As long as I can remember, I have been a doodler. It is a bit of an addiction really.
Within my work books, study notes, or address books, I can’t resist the urge to combine hand written information with stripes, shapes, colours, cartoony characters or hand-drawn fonts. In the past, certain teachers and managers have witnessed my doodling in meetings or lessons and looked negatively upon it, as to them, it appeared as though I was drifting off and focusing more attention on my art, and not on the message being delivered.
In my case, however, I think the opposite is true. I find that I can listen clearly, and retain more information when combining doodling with written notes, as opposed to just listening and writing alone. I guess that the visual artist in me uses the doodles as a way to keep my mind engaged and sharp.
I came across this interesting study, concluding that doodling may actually help focus thoughts and decrease the potential of a wandering mind.
The study had 40 people listen to a telephone message mentioning the names of eight people going to a party. Half of the participants were told to shade in squares and circles printed on a piece of paper while listening to the tape and the other half were given no task. After it was over, the participants were asked to recall the names in a surprise memory test. Those who had shaded in the shapes recalled 29% more information than those who didn’t.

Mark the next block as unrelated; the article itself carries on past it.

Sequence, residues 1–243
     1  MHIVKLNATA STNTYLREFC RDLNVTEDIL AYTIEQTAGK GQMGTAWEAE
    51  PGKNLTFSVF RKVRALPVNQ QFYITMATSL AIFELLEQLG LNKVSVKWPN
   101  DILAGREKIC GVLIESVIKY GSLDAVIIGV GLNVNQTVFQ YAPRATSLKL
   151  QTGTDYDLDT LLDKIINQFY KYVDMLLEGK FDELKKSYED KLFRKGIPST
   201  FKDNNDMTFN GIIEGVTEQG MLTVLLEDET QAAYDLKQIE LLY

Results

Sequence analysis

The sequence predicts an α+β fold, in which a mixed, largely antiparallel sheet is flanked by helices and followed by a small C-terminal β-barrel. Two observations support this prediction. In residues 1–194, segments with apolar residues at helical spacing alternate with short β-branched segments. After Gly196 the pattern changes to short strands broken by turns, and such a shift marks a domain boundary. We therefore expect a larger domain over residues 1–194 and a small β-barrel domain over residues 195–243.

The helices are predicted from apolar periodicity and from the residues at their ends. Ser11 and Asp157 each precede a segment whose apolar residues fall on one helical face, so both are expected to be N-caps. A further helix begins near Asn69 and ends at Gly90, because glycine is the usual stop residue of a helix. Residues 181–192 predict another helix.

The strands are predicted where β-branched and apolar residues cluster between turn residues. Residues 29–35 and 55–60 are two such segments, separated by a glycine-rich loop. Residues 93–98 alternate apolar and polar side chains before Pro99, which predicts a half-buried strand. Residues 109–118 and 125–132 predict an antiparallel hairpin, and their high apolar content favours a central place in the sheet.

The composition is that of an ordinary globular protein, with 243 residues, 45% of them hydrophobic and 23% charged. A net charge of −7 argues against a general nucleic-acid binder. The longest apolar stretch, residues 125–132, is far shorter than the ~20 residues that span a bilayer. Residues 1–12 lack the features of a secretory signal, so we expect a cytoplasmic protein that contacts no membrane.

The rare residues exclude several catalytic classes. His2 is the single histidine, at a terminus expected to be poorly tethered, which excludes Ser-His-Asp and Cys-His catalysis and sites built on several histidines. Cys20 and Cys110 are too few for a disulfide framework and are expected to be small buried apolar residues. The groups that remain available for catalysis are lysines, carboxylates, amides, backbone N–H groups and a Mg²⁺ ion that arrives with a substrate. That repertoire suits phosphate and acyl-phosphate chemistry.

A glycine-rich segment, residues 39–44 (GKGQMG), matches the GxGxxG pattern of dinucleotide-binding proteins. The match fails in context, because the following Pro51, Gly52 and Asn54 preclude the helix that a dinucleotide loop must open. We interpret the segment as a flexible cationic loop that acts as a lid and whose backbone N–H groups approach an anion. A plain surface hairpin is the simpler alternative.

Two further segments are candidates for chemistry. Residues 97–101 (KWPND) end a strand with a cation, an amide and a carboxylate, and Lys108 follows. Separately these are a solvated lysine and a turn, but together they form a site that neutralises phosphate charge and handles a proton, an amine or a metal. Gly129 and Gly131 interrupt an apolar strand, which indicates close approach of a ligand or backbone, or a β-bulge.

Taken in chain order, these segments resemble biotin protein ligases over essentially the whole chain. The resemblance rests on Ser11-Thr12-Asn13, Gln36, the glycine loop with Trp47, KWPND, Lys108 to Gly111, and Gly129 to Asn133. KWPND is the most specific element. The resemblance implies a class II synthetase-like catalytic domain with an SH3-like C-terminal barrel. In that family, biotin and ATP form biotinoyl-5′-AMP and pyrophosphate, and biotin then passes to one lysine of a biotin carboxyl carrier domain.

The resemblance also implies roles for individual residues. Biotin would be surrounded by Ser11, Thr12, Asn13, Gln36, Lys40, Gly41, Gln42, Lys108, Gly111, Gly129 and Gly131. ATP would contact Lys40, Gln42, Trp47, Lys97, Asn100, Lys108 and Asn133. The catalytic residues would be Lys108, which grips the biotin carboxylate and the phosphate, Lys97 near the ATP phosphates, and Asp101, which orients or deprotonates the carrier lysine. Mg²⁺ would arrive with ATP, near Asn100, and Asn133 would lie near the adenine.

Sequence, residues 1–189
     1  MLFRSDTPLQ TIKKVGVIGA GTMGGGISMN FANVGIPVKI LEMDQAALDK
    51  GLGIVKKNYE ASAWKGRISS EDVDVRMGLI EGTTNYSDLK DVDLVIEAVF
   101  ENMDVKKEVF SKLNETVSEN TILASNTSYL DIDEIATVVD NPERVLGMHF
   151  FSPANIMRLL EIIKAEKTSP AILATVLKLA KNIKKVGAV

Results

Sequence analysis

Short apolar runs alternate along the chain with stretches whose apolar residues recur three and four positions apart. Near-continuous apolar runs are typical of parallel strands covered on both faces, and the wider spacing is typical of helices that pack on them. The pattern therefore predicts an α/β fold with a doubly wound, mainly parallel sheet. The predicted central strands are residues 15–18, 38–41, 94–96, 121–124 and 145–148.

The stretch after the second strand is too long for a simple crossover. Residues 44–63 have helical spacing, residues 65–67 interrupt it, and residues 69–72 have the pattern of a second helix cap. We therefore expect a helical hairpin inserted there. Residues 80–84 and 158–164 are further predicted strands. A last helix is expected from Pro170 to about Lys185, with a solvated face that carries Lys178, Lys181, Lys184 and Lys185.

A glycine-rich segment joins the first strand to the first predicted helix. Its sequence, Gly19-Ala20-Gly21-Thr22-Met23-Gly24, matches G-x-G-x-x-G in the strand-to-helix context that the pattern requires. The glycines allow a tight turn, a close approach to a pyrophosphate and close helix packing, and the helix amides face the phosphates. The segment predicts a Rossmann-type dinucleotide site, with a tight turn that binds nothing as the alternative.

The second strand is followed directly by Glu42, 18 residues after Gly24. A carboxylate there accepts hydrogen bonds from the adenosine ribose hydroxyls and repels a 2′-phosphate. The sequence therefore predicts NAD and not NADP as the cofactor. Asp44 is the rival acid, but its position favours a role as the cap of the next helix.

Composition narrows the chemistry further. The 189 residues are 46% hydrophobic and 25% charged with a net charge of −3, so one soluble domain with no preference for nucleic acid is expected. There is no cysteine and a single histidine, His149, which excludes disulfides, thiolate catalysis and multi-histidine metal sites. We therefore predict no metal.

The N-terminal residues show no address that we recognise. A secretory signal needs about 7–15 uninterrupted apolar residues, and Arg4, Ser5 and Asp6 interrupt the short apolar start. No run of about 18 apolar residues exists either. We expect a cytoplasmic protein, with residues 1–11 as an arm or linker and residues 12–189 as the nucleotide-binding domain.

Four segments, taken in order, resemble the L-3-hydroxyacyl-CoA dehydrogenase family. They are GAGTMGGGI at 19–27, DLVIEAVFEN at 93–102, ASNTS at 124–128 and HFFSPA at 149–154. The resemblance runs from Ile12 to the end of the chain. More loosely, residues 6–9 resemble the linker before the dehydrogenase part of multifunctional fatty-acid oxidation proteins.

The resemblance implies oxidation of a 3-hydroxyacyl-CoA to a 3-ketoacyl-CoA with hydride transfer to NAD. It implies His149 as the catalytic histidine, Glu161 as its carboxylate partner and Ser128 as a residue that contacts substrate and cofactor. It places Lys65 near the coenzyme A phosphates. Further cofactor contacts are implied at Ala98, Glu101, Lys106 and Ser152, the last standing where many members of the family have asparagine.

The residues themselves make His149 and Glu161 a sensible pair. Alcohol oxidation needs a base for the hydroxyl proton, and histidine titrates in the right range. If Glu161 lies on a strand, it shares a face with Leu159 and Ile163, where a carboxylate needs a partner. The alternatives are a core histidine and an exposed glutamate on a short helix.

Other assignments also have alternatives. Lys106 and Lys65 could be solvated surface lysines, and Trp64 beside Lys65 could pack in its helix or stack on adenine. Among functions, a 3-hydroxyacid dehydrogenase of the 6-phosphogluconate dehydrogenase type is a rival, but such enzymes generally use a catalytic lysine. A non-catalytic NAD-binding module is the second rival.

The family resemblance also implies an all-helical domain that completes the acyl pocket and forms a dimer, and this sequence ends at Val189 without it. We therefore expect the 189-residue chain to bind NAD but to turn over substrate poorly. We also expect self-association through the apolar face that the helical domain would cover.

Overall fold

Many people, most notably Sunni Brown, have written extensively on the subject of doodling and its benefits as an effective presentation tool, and info doodle videos have become a very popular way to engage a viewer visually, to help them retain large chunks of information, without losing focus.
This is all good news to me, as I can confidently continue in my doodling ways knowing that it has a positive effect on my mind and work. Not to mention it makes for a much more interesting notebook.
So, do you doodle too?